This is the second in a series of posts outlining my initial reaction to each of the draft specifications for GCSE Music published by the exam boards in May 2015. You can see the first post (discussing AQA’s specification) by clicking here and the whole series will be available here as each post is published.
Anyone who suggests that performing, composing and appraising can be learnt in an integrated manner will get a general nod of approval from me. The fifth page of the specification says this very clearly and that can only be a good thing. The unit structure, particularly the integrated portfolio, also appears to be designed with this in mind but isn’t so rigid as to take away teachers’ flexibility to adapt the course to the needs of individual pupils.
I’ve never taught OCR for music but I’ve always quite liked their willingness to be different. While some of the areas of study are quite standard, the retention of the ‘My Music’ area of study is nice. At GCSE, our subject can be quite removed from the experience of learning an instrument, so it’s cool that pupils are encouraged to explore the capabilities of their own instrument. This will, hopefully, give learners a sense of their own musical identity.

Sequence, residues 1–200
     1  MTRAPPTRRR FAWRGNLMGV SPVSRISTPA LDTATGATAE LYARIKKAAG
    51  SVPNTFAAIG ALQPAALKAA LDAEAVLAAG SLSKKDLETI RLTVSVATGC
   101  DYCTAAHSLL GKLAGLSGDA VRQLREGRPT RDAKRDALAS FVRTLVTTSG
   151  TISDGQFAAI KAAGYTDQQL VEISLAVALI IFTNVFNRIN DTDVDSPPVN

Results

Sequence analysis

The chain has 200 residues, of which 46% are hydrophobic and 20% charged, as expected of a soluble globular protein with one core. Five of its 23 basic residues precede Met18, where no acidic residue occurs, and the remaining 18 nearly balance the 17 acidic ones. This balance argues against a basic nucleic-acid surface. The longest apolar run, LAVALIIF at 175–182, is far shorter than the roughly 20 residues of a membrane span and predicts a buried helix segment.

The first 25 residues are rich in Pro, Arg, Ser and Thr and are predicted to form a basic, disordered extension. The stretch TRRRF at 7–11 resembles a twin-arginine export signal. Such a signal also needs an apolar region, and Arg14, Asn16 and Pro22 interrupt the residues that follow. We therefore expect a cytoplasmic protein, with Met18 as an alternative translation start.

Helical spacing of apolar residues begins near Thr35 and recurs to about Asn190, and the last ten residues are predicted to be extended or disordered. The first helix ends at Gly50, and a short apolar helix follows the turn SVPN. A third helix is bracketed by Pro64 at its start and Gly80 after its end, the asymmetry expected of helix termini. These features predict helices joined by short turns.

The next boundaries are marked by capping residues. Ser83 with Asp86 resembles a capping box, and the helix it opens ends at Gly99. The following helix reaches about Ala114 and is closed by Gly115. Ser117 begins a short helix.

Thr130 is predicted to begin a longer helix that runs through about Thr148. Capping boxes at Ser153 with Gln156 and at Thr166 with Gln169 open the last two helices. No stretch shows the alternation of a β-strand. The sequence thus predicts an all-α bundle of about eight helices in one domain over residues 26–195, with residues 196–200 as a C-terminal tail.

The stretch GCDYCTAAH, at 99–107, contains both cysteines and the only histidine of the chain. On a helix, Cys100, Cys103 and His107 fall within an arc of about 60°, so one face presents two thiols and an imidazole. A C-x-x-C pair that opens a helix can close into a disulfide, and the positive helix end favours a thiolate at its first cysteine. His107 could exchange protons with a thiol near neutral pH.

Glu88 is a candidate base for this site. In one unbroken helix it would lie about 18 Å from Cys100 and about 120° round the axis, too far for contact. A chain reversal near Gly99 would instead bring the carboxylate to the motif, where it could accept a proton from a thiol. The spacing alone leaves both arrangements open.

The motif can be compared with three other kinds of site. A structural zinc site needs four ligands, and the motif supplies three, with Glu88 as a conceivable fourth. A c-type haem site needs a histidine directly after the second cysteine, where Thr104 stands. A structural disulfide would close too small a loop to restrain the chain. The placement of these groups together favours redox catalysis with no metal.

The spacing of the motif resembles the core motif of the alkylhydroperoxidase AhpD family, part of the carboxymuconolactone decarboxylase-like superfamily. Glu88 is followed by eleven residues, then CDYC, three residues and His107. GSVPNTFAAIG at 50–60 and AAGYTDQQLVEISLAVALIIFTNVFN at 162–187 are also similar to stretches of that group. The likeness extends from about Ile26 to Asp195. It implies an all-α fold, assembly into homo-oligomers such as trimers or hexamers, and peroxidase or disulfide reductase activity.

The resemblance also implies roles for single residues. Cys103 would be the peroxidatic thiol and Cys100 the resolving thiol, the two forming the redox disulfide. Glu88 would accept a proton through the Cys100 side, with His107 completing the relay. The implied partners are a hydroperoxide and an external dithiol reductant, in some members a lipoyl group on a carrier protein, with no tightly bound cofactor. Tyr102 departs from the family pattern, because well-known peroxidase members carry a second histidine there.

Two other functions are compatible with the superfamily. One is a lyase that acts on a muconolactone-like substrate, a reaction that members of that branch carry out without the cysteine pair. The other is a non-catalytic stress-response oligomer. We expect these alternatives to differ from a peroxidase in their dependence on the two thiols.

I also quite like the focus provided by the second area of study looking at ‘the concerto through time’. Ofqual’s requirement that one area of study be drawn from western classical music from 1650 to 1910 raised a few eyebrows at the time but focusing this on a specific genre and tracking its evolution seems quite elegant. It also helps to provides structure to the course in a manner distinct from the boards offering set works. Lending structure in a similar vein, the world music AoS focuses on rhythm, granting learners a crutch for exploring music that may be quite unfamiliar to them.
It’s in here! All the more reason why I’m struggling to get my head around AQA’s shouting about this in their press releases – not only is it not new but it’s not unique either. Again, please let me know if I’m missing something on this one!
There’s plenty more that’s worthy of discussion in this specification, so I’m looking forward to MufuChat tonight (Wednesday 20th May 2015 at 8.30pm), which is intended to promote discussion in detail.